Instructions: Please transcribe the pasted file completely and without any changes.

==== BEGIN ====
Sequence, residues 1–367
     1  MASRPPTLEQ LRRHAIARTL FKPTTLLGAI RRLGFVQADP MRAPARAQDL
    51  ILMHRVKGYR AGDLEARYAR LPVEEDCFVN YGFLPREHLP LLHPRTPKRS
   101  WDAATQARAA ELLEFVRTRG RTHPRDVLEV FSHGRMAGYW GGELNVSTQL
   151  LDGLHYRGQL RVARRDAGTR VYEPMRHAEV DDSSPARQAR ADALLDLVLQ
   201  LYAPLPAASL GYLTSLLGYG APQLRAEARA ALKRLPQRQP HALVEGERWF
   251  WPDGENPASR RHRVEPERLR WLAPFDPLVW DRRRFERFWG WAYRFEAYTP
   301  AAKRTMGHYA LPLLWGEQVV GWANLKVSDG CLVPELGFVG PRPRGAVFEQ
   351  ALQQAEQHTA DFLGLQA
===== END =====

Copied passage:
Sequence, residues 1–367
     1  MASRPPTLEQ LRRHAIARTL FKPTTLLGAI RRLGFVQADP MRAPARAQDL
    51  ILMHRVKGYR AGDLEARYAR LPVEEDCFVN YGFLPREHLP LLHPRTPKRS
   101  WDAATQARAA ELLEFVRTRG RTHPRDVLEV FSHGRMAGYW GGELNVSTQL
   151  LDGLHYRGQL RVARRDAGTR VYEPMRHAEV DDSSPARQAR ADALLDLVLQ
   201  LYAPLPAASL GYLTSLLGYG APQLRAEARA ALKRLPQRQP HALVEGERWF
   251  WPDGENPASR RHRVEPERLR WLAPFDPLVW DRRRFERFWG WAYRFEAYTP
   301  AAKRTMGHYA LPLLWGEQVV GWANLKVSDG CLVPELGFVG PRPRGAVFEQ
   351  ALQQAEQHTA DFLGLQA